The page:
A former director of the Defense Intelligence Agency on Friday criticized President Barack Obama's decision to put limits on the U.S. military in its ongoing fight against the Islamic State.
Retired Army Lt. Gen. Michael Flynn spent the morning at a House Armed Services Committee, where he was asked about Obama's request that Congress authorize the use of military force against the terrorist group. That request prohibits any "enduring" use of ground forces.
But Flynn gave committee members little doubt about where he stood on that proposal, and all but accused the administration of not trusting the military to carry out the fight.
"When we give our military commanders a mission, we should allow them to execute that mission, and not overly constrain them with approved authorities, but then having to come back to the administration for permission," Flynn said. "Either we need to review those authorities and those permissions, or we need to change the commanders because we apparently don't trust them to do the job that we've given them do to."
"We have become so overly bureaucratic, in coming up through the system to get permission to basically do things that, frankly, colonels on the battlefield or captains at sea are very capable of doing," he added.
Flynn's remarks are likely to embolden Republicans, many of whom have said they don't want any limitations put on the military as it fights the Islamic State. Obama himself stressed that he wants to avoid another long ground war in the Middle East, but Flynn and many others have said his request telegraphs to the terrorist group that the U.S. will only be involved in a limited way.
Flynn offered his assessment of Obama's request after a blistering five-minute set of opening remarks in which he said the Islamic State is a serious threat to U.S. interests, and that the U.S. must respond quickly and with violence.
"This enemy must be opposed. They must be killed," he told the committee. "They must be destroyed, and the associated extremist form of the Islamic ideology must be defeated wherever it rears its ugly head."
"There are some who counsel patience, arguing violent Islamists are not an existential threat and therefore can simply be managed as criminals. I respectfully and strongly disagree," he added.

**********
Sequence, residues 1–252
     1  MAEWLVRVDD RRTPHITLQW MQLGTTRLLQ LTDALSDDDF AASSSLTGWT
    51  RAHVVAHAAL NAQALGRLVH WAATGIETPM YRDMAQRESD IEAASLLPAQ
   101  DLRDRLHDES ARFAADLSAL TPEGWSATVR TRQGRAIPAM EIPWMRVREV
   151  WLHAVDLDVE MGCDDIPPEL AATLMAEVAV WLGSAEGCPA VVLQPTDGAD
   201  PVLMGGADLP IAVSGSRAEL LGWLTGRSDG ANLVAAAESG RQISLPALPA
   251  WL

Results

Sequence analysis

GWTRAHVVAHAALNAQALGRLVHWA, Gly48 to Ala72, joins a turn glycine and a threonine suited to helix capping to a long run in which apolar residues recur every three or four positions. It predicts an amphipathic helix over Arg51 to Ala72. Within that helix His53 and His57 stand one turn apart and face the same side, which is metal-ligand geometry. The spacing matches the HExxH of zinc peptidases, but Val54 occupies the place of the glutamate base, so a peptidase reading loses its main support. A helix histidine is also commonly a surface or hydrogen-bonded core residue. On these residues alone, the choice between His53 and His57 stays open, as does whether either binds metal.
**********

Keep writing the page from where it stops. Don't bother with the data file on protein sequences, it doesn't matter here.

Flynn also warned that the U.S. is "at war with violent and extreme Islamists, both Sunni and Shia, and we must accept and face this reality."
Aside from criticizing Obama's request to use the military, Flynn also agreed with other Republican members that the administration is going out of its way not to label the group as a radical Islamic threat, which he said makes no sense because the group calls itself the Islamic State.
"It is a radical version of Islam, there's no doubt about it," he said. "If the enemy is calling themselves that, why do we have such a difficult time?"
Flynn was asked about President Obama's effort to make an analogy between Islamic State violence and the violence seen in most cities. Flynn stressed the two aren't comparable, and again indicated that the administration seems to have trouble even identifying the enemy.
"You cannot defeat an enemy that you cannot admit exists," he said.
Flynn made three specific recommendations for how the U.S. should go about fighting the Islamic State:
"First, we have to energize every element of national power, similar to the effort during World War II or during the Cold War, to effectively resource what will likely be a multi-generational struggle," he said. "There is no cheap way to win this fight."
"Second, we must engage the violent Islamists wherever they are, drive them from their safe havens, and kill them," he said. "There can be no quarter and no accommodation for this vicious group of terrorists."
"Third, we must decisively confront the state and non-state supporters and enablers of the violent Islamist ideology, and compel them to end their support to our enemies, or be prepared to remove their capacity to do so," he said. "Many of these are currently considered partners of the United States. This must change."
Flynn agreed that tools other than the military should be used, such as diplomatic and economic pressure. But he warned Congress not to underestimate the effect of a strong U.S. military deterrent.
"There is a benefit to applying pressure on an enemy," he said. "You have to not let them have a sound night's sleep anywhere where these vicious individuals exist and groups exist."
Watch his opening remarks here: